• 31. LWRG 2007 Nile Basin - some exemplification of regional variation and water resources consequences
  • 32. LWRG 2007 FAO-Hydro-cycle Types of water - green and blue water
  • 33. LWRG 2007 Livestock not included
  • 34. LWRG 2007
  • 35. LWRG 2007
  • 36. LWRG 2007
  • 37. LWRG 2007
  • 38. LWRG 2007 75%
  • 39. LWRG 2007
  • 40. LWRG 2007
  • 41. LWRG 2007
  • 42. Whose ideas matter in managing water? Ideas of science - observed science Ideas of society on say sustainability - constructed knowledge Ideas and discursive processes Ideas in the Governance Processes and the problems of engaging with the assumptions and expectations of consumers Consumers are embedded in society not in science Water in Africa - CEAUP - Porto 2008
  • 43. Who knows what about managing water? What is the role of science? Prediction Explanation To influence society & the political economy Water in Africa - CEAUP - Porto 2008
  • 44. Different ways of scientific knowing? To predict Modelling Sciences To explain Social & politics theory To influence Activist science Water in Africa - CEAUP - Porto 2008
  • 45. Water in Africa - CEAUP - Porto 2008 What is relevant? What methods used? What is truth? - significance of precision & accuracy What knowledge Observed versus constructed Co nstructed knowledge will always overwhelm observed science The abstract always overwhelms the concrete . Marx 1850 Different assumptions of the 3 types of science about:
  • 46. Water in Africa - CEAUP - Porto 2008 The abstract always overwhelms the concrete . Marx 1850 Politicians were invented to deal with ambiguity which is always associated with uncertainty Modeling scientists deal with risk which can be captured with the numbers and the language of probability Politicians know what the game is about and accept the excitement of uncertainty Most scientists avoid the excitement of uncertainty.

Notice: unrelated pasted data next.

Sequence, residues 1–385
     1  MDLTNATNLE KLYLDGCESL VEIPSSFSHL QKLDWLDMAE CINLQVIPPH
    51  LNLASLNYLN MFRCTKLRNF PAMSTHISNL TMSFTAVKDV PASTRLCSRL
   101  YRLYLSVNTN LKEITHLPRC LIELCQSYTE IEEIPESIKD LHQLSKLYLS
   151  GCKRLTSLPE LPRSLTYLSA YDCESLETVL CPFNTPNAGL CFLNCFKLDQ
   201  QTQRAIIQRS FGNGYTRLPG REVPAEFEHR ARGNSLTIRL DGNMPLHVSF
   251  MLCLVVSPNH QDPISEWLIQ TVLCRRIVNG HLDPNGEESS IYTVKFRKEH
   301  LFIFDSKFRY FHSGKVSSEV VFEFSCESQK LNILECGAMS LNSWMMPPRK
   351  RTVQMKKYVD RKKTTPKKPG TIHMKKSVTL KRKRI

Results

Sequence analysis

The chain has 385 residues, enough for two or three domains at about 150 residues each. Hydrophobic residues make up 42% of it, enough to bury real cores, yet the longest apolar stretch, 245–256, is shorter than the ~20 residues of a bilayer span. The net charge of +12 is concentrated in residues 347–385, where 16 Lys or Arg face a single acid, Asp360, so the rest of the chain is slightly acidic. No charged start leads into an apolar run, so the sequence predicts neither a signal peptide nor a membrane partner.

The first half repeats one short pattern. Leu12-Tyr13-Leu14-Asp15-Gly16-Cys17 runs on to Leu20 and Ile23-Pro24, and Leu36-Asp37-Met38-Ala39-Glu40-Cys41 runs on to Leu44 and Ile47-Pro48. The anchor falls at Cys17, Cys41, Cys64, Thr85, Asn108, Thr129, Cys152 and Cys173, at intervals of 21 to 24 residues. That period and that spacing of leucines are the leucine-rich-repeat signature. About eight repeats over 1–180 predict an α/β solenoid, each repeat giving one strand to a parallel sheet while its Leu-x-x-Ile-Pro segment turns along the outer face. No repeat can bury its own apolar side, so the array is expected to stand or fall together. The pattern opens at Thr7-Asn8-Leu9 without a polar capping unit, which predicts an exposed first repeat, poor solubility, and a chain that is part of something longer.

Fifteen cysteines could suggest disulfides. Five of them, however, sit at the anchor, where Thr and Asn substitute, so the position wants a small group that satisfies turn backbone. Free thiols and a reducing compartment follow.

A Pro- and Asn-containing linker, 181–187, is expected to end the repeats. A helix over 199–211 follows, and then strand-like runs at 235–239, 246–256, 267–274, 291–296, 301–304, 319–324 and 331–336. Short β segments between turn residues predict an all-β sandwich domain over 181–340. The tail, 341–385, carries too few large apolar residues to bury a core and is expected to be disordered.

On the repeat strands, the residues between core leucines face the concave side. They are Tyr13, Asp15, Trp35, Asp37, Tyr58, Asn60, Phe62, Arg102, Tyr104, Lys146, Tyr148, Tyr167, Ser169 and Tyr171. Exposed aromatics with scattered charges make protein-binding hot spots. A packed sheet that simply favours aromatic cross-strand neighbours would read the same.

• 47. Water in Africa - CEAUP - Porto 2008 TYPES OF >> SCIENCE Empirical–analytic inquiry Interpretive inquiry Liberatory Inquiry (e.g. Participatory Research) Purpose Experimental science in search of causal explanations and laws in order to make predictions Interpretive science in search of subjective meanings and understanding in the world of lived experience. Liberating (Humanising) science to create movement for personal and social transformation in order to redress injustices, support peace and form democratic spaces. Nature of reality A unique, real, social world exists to be studied by independent observers. Recognition is given to distinct, positive facts and observable phenomena Pluralistic and relativist (multiple realities dependent on individual’s perceptions). People make purposeful acts based on their perceptions of feelings and events and so shape their realities by their behaviour. The social world is humanly and collectively constructed with and within a historical context. People are active subjects in the world and are constantly in relationships of power: with the self, with others, with nature. Nature of Knowledge Objective truth exists. Objectivity (detached neut-rality) and value-free science is possible and desirable. Logical, deduc-tive, rational findings. Know-ledge is an end in itself. Knowledge is a social, subjective construction. Language contextualises the meaning of data. The method used justifies the knowledge produced. People can change their level of consciousness through learning. Objectivity does not exist. Fundamental human needs drive the process of inquiry. Holistic dimensions of knowing. Know’Produc’d Technical instrumental Interpretive Interactive Critical, Spiritual Values reflected Deterministic application:. Concerned with ‘mainten-ance of evolutionary change of status quo’. Control over behaviour & environment Humanistic application: ‘growth metaphor with self-actualisation of indi-viduals within meritocratic forms of social life. Transformative process. Belief in people’s capacity to work together for equitable decision-making and fair distribution of resources.